Hawke’s Bay farm puts meat on the menu at some of New Zealand’s finest restaurants – Simon Farrell-Green:

You’ll find Pātangata on Google Maps if you look, though it’s barely a town, more of an intersection with a tavern beside the Tukituki River, not far from Havelock North where the vineyards and plains of Hawke’s Bay graduate to rolling hill country.

Here, the Smith family – Duncan Smith, Annabel Tapley-Smith and their children Tabatha and Rupert – farm several hundred hectares of rolling country and irrigated flat land, either side of the river, finishing Angus cattle and Suffolk-Texel lambs on grass rather than grain, and producing meat of uncommon quality. . .

Diversity aspect to next year’s A&P Show – Kerrie Waterworth:

Bee keepers, flower growers and other non-traditional farming types will be highlighted at next year’s Wanaka A&P Show.

Event manager Jane Stalker said this year’s marketing campaign focused on the people of the Upper Clutha and was incredibly successful.

She said she hoped to repeat that success, by focusing on diverse local agricultural businesses instead for next year . . .

Hāwera man’s life of music and farming – Catherine Groenestein:

Pat Powell’s neighbours used to listen to him practising Italian opera songs as he worked on his farm.

Powell, who recently turned 90, sang all the arias made popular by Pavarotti decades later and could have made a career as an international tenor, but instead chose to stay in South Taranaki.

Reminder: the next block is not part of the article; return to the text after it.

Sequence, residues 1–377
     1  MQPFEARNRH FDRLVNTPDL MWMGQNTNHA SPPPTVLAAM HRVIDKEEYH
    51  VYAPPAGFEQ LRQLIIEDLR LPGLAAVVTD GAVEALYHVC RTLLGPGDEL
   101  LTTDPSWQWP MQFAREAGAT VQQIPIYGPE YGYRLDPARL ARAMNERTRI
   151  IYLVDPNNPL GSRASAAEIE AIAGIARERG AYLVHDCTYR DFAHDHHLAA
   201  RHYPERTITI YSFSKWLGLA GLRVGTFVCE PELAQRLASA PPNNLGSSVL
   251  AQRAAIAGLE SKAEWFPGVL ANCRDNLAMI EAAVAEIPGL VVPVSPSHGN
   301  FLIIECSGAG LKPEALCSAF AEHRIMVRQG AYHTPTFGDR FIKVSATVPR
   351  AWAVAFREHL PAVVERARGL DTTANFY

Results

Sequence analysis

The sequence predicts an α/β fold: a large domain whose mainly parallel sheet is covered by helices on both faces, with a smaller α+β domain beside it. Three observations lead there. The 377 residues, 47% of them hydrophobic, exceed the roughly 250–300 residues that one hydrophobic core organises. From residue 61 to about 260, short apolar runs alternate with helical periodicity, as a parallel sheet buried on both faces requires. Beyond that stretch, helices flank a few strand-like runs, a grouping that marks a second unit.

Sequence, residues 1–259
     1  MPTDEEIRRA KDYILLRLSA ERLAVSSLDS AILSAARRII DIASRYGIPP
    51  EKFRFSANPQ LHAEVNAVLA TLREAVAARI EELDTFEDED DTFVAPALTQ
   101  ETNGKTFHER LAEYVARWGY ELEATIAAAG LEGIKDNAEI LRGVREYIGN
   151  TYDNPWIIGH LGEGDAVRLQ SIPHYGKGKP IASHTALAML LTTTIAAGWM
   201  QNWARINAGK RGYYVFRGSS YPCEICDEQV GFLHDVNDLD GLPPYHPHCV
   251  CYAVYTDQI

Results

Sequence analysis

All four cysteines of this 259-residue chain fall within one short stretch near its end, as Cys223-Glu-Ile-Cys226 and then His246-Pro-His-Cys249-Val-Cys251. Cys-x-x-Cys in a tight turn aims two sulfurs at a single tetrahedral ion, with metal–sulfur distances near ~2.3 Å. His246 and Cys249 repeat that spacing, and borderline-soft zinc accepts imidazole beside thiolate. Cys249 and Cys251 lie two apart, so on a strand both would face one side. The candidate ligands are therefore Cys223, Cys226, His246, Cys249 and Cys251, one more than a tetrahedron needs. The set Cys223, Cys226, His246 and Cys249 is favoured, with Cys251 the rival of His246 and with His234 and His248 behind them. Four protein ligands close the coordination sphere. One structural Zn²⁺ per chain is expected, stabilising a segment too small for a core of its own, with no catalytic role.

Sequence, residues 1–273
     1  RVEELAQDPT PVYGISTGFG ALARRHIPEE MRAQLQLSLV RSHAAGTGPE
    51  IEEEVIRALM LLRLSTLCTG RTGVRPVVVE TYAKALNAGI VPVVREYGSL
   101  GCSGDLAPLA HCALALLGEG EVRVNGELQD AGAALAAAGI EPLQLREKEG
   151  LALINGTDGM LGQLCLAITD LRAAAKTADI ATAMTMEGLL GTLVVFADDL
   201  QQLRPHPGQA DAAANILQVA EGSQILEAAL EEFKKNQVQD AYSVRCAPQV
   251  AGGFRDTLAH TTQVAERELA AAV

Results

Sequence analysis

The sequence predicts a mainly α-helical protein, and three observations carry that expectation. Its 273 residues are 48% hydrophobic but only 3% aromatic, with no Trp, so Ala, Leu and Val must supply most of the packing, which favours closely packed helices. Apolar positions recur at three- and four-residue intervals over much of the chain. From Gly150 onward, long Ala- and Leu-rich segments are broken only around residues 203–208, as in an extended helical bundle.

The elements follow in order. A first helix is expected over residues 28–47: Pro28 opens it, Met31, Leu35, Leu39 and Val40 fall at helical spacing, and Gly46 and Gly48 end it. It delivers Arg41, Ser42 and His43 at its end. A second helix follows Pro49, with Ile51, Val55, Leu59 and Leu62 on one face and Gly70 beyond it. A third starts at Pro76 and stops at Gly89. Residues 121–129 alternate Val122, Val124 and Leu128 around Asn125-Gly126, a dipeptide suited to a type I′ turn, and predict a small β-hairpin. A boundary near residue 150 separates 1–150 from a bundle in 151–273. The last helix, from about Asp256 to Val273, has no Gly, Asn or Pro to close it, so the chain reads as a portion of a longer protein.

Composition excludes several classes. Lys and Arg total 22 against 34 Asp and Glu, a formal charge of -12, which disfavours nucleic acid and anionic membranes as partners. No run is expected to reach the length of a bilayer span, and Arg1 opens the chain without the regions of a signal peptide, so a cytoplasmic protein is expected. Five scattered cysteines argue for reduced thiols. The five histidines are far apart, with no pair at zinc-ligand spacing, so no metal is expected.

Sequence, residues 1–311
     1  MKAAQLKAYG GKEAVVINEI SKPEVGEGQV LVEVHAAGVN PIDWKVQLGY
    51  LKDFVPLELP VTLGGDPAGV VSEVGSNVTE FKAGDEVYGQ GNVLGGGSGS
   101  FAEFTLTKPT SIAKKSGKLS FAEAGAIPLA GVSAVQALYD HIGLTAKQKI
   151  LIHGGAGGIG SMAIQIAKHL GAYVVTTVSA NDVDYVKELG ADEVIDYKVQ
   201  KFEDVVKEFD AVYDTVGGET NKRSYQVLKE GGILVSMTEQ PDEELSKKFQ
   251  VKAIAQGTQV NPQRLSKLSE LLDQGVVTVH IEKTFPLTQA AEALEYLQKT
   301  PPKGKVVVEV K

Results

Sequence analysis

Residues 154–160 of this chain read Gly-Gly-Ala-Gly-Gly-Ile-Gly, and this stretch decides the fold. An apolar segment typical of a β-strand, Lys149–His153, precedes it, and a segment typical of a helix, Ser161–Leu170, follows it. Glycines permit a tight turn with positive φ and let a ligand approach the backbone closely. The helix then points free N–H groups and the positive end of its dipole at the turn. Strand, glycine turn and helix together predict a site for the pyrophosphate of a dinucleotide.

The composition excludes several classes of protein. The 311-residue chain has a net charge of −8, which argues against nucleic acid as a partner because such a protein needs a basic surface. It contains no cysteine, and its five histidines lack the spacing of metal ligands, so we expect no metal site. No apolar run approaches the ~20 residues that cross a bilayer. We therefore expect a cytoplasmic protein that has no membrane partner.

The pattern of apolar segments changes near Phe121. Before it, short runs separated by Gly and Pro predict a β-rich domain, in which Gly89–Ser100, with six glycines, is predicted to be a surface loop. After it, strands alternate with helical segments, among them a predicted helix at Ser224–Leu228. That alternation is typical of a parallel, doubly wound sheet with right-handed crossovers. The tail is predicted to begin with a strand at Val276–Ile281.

“I was invited by Donald Munro to come to Auckland and join the New Zealand Opera Company, but I went to boarding school in Auckland and I hated every minute of it,” he said. . .

 

Montana ranchers can now get paid to sequester carbon using rotational grazing practices

CO2, or carbon, is a dirty word these days – and for good reason. Due to a number of causes including the burning of fossil fuels and widespread deforestation, there is far too much CO2 being returned to the atmosphere, resulting in climate change. The U.S. Energy Information Administration estimates that in 2017 the United States emitted 5.1 billion metric tons of energy-related carbon dioxide, while the global emissions of energy-related carbon dioxide totaled 32.5 billion metric tons.

Despite the grim outlook, there are ways of reversing the abundance of CO2, including sequestration, which is the process of capturing and storing atmospheric carbon dioxide. An entire marketplace has developed around CO2 mitigation that enables CO2-emitting industries to purchase carbon credits from businesses engaged in offsetting activities, such as the production of renewable energy through wind farms or biomass energy, as well as energy efficiency projects, the destruction of industrial pollutants or agricultural by-products, reducing landfill methane, and forestry projects. . .